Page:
How To Harvest Luffas

It’s almost that time of year again! The time right before the first frost… when you are probably scrambling around trying to get in all the squash leftover in the garden, cut any herbs that may not last through the winter and time to harvest the luffas.

So, you’ve gone through the rigorous task of growing luffas. Now, what do you do with them? How do you harvest them, and once harvested, then what? Exactly the question we asked ourselves when we had over 40 luffas last year. FORTY. It was a bit overwhelming. When we had a harvest of 4-5 the year before, it was much more manageable, but last year, I’ll admit, I made some mistakes in the harvesting process.

If you read our Part 1 of the luffa saga- the actual growing of them- then hopefully, you have reached this Fall with long, lush vines covered in large, beautiful leaves, some yellow flowers and… some luffa gourds!

Some of your luffas may have already dried out. (Some may even have already molded… yuck!) But don’t fear! The dried luffas are actually much easier to shuck and deseed than the green luffas although the green luffas tend to have very clean sponge on the inside while the dried/molded sponges will need to go through a vinegar or bleach (1:2 with water) bath.

When to Harvest

Before your first frost! We let our luffas stay on the vine as long as possible which usual means into late October for us. We even get some late stragglers who come along and give us some small sponges towards the end of the season. It doesn’t matter what they look like, you’ll have to get them off the vine and inside a dry, frost-protected area if you’d like to use them. A frost won’t completely ruin an already dried luffa, but it will turn your green luffas to mush and render the sponge inside useless.

How To Harvest

When happy, luffa vines go as far as they please, usually up.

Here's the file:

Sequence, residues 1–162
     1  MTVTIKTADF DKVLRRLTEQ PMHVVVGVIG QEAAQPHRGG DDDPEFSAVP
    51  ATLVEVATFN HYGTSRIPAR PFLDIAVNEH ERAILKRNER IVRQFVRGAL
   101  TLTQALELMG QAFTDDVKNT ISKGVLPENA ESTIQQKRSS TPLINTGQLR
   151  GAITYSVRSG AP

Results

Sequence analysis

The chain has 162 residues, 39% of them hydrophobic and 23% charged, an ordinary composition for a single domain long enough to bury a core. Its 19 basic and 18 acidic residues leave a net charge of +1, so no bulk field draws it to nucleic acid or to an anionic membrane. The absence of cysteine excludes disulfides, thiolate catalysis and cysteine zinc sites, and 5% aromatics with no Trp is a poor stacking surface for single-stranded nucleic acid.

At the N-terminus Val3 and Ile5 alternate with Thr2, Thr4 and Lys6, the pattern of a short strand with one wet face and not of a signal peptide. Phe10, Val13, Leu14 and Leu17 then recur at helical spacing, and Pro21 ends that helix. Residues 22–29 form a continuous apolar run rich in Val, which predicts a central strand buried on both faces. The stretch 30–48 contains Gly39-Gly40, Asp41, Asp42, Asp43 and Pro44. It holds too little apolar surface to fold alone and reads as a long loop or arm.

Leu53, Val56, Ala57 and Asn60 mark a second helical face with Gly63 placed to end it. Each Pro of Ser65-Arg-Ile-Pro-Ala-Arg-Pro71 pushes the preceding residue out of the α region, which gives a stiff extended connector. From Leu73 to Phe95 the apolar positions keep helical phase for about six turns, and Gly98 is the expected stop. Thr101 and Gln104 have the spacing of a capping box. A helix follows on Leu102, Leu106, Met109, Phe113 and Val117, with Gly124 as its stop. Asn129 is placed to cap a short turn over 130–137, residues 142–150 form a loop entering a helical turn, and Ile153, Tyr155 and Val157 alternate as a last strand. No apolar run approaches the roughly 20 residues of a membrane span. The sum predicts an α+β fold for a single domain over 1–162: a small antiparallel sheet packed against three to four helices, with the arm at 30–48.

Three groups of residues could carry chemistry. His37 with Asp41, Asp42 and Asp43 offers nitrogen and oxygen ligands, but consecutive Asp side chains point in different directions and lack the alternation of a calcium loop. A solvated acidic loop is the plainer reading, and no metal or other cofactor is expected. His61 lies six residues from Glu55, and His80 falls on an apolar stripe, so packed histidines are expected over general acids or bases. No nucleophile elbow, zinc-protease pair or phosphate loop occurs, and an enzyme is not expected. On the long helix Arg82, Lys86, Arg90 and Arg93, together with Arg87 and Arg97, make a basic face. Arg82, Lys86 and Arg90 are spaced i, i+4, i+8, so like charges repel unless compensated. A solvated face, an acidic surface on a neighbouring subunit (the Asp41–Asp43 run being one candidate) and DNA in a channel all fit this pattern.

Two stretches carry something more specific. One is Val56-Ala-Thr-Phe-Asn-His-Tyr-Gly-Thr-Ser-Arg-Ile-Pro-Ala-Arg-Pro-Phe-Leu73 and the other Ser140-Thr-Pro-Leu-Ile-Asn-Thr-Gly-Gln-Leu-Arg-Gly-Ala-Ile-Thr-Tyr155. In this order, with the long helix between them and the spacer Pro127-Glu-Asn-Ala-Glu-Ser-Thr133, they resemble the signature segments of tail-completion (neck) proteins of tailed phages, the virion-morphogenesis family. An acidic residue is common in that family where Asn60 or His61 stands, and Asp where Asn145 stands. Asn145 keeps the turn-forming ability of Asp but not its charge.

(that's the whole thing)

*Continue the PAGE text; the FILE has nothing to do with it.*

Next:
• The easy part- ripping down the vine and cutting the luffas off. Easy… if your luffa plant hasn’t grown 50 feet up into a tree and requires some climbing to harvest. You may not be able to reach all of them, but if you had a prolific vine, it’s no matter.
  • Once you get the luffas, separate the dried, tan ones from the green ones. There’s a clear difference in the two.
  • I like to start on my dried ones first. Each luffa has a series of threads around the gourd. Once you find the thread and pull it off, the skin of the luffa just flakes off with a little assistance. Then, shake out the black seeds into a container and save to plant next year! If your sponge is dirty or a little moldy, now’s the time to soak it in the vinegar or bleach solution. It may not become a perfectly, cream sponge again, but it will be safe to use as long as you can tell that the mold was eradicated.
  • For the green luffas… it’s a bit tougher and the seeds will not be viable to plant the next year, but the sponges (if fully developed) tend to come out a perfect, cream color, instantly clean and ready to use as soon as the dry. The best way to remove the skin from the sponge is to stomp on it. Yes, I said stomp. It won’t hurt your sponge. It helps to break up the skin. You’ll still have the hard task of removing the skin, but take it from me and my bloody fingers last year when I forgot this trick…. just stomp on it. From there, you’ll have to hose out all the sap and undeveloped seeds. The sap is slimy… but a jet powered hose stream does the trick after a few rinse out and squeezes.
  • Let them dry. Whether you’ve soaked them or rinsed them, now’s the time to put them in a safe, dry spot to dry.

Using Your Luffas

When dried, your luffas can be used in a number of ways! You can leave the sponges whole and use them to scrub countertops or dishes. You can cut them into segments and use them as a sponge for yourself in the shower. You can cut them into discs and insert them into homemade soaps. There are so many possibilities! We’ve tried all of those, but our favorite way to use them is in the shower. They give your skin a wonderful exfoliation, resulting silky, soft skin every time. Once the sponge looks a little worn or gets a little moldy, you can either soak it in a vinegar or bleach bath, let dry and reuse or you can toss and move onto to your next one.

At one and a half, Tiny was a big help!

In Conclusion…

People are amazed when you gift them sponges that you literally grew in your backyard, and how cool is it that you get to actually use these majestic gourds on a daily basis. It may seem like a lot of work to grow and harvest your luffas, but it’s a lot of fun too!

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